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Full resolution (JPEG) - On this page / på denna sida - The Bogoiskateli: or, Seekers After God. Prof. I. V. Noprash - Vladimir Introduced Christianity

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By PROF. I. V. NEPRASH of Philadelphia
ABOUT a hundred years after the founding of the Russian kingdom
King Vladimir introduced the Greek Orthodox Faith to his sub-
jects in the following manner: Priests from Greece were in-
vited, and a proclamation was made to the inhabitants of Kiev, then
the Capital city, that on the following morning everyone, small and
great, must go to the Dnieper River and be baptized into the new
faith. "Anyone who disobeys and fails to come will be considered as
an enemy to the King," were the concluding words of the Manifesto.
On the following day the people of Kiev came in multitudes to be
Vladimir Introduced Christianity
Shortly after this Vladimir sent one of his generals with an army to
introduce Christianity in the land. What this introduction was can be
judged by the historian’s record, which reads: "Vladimir introduced
Christianity with the cross, but his general with the sword." This
took place in A. D. 988. History bears record that at this time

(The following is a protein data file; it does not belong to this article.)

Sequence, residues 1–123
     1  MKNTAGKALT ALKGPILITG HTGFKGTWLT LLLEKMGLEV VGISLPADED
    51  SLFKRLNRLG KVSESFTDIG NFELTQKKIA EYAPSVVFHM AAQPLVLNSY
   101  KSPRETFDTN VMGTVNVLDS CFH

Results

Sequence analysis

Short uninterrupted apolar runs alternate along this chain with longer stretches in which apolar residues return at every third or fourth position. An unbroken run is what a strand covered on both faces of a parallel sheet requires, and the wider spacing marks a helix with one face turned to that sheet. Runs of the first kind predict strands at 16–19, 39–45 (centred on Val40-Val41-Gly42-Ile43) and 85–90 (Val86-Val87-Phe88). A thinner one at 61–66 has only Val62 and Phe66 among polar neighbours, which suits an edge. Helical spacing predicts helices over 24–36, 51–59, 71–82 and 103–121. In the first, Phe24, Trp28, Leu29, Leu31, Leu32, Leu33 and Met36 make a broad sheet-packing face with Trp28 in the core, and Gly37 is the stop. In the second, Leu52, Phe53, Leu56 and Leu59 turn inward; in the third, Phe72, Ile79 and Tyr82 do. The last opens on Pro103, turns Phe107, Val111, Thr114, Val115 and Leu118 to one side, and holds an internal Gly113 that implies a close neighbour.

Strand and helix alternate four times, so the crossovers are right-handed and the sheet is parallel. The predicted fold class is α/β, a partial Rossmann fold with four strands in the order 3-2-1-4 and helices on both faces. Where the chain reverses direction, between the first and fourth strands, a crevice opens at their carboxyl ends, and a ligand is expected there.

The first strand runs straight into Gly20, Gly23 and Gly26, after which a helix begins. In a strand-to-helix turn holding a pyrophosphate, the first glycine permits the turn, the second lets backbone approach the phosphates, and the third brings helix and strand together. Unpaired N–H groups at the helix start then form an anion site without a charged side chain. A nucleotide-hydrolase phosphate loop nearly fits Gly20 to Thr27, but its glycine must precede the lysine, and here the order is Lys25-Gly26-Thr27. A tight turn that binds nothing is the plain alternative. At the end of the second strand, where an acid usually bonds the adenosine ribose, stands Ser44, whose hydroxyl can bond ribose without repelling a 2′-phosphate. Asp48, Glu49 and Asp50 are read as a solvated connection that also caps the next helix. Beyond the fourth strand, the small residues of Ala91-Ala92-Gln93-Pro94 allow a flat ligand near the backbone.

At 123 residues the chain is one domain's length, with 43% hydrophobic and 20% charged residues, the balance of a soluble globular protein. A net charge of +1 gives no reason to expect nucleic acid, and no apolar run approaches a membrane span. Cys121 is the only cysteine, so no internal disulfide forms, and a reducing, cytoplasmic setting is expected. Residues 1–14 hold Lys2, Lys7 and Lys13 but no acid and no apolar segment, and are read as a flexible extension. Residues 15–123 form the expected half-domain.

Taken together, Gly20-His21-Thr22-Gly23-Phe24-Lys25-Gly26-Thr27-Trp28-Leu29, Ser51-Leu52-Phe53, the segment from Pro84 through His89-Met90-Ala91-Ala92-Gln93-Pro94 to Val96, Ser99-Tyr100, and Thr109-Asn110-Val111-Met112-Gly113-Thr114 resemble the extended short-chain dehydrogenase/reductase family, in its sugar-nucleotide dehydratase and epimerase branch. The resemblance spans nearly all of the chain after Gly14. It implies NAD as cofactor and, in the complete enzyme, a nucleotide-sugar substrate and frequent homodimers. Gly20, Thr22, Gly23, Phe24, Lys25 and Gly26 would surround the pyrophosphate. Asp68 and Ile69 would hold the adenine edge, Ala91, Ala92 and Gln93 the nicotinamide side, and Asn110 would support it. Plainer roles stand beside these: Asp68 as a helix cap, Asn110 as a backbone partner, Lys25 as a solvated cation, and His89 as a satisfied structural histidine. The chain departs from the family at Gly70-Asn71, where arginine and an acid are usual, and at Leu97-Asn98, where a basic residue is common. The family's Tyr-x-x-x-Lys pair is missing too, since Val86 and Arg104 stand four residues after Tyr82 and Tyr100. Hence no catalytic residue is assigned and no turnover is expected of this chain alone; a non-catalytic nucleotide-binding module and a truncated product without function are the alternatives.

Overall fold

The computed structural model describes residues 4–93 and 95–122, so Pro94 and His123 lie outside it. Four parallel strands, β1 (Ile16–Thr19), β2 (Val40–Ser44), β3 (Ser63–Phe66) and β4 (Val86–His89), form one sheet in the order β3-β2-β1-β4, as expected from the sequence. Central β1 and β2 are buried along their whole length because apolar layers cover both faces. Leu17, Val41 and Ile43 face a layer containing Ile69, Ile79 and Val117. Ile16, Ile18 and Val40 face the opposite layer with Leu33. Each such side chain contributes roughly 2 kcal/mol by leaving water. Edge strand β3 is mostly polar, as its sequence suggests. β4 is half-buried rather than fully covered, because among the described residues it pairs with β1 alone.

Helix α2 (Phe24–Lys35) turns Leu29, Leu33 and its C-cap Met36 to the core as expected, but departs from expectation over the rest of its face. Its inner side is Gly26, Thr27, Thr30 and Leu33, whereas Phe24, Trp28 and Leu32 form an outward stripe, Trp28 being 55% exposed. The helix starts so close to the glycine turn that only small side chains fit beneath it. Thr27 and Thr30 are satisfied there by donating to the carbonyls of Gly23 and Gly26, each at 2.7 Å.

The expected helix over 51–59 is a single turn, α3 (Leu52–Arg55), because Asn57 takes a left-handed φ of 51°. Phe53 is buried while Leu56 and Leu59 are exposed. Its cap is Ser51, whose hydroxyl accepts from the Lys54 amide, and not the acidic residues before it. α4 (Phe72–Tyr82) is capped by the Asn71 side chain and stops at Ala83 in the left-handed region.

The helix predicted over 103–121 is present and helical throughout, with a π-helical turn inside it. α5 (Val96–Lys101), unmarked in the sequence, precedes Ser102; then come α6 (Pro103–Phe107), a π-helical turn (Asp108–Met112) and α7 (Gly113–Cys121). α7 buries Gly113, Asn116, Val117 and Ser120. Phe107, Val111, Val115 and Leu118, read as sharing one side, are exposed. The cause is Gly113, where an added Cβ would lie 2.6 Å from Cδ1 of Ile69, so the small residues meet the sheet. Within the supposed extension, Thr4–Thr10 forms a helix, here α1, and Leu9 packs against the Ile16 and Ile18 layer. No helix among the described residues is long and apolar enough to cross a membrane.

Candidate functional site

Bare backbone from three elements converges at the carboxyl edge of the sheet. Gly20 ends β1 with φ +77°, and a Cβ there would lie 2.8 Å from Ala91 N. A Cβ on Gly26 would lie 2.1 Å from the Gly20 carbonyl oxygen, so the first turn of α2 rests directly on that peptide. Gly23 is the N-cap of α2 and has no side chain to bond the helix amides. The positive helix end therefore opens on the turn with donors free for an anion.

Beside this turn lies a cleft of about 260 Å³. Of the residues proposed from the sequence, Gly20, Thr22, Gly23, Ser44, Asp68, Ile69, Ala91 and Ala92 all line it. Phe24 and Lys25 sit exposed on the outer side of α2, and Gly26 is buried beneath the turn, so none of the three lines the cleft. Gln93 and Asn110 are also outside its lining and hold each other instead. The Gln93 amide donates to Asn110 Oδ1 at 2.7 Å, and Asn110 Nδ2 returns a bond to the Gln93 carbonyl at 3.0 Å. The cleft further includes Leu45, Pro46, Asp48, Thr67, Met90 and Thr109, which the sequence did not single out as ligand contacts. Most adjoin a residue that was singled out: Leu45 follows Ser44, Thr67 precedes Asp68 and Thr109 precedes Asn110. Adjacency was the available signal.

Byzantium was already decayed spiritually and also in its culture.
"From this poisoned source we took the great idea of Christianity,"
says the historian, Chadaiev. He acknowledges that the great power
of the Christian idea was undermined in its very roots by Byzantine
formalism, and under such conditions Christianity was carried to
We read: "Other foundation can no man lay than that is laid, which
is Jesus Christ." Upon the foundation depends both the greatness and
the durability of the superstructure. The life of the Russian Church
illustrates this. More than a thousand years have passed since she
was founded, but the spirit of Byzantine formalism still remains with
her. This influence of Byzantism was stronger because of the fact that
the priesthood consisted of Greeks who did not know the Russian
language, and who therefore were unable to instruct the people, as they
could only officiate at ceremonial services.
There was little culture among the Russians. In the fifteenth cen-
tury we find Gonori, the Arclibishop of Novgorod, making the follow-
ing co7nplaints: "They bring to me a peasant to be ordained to the
priesthood or as a deacon. I order him to read the Epistles of the’

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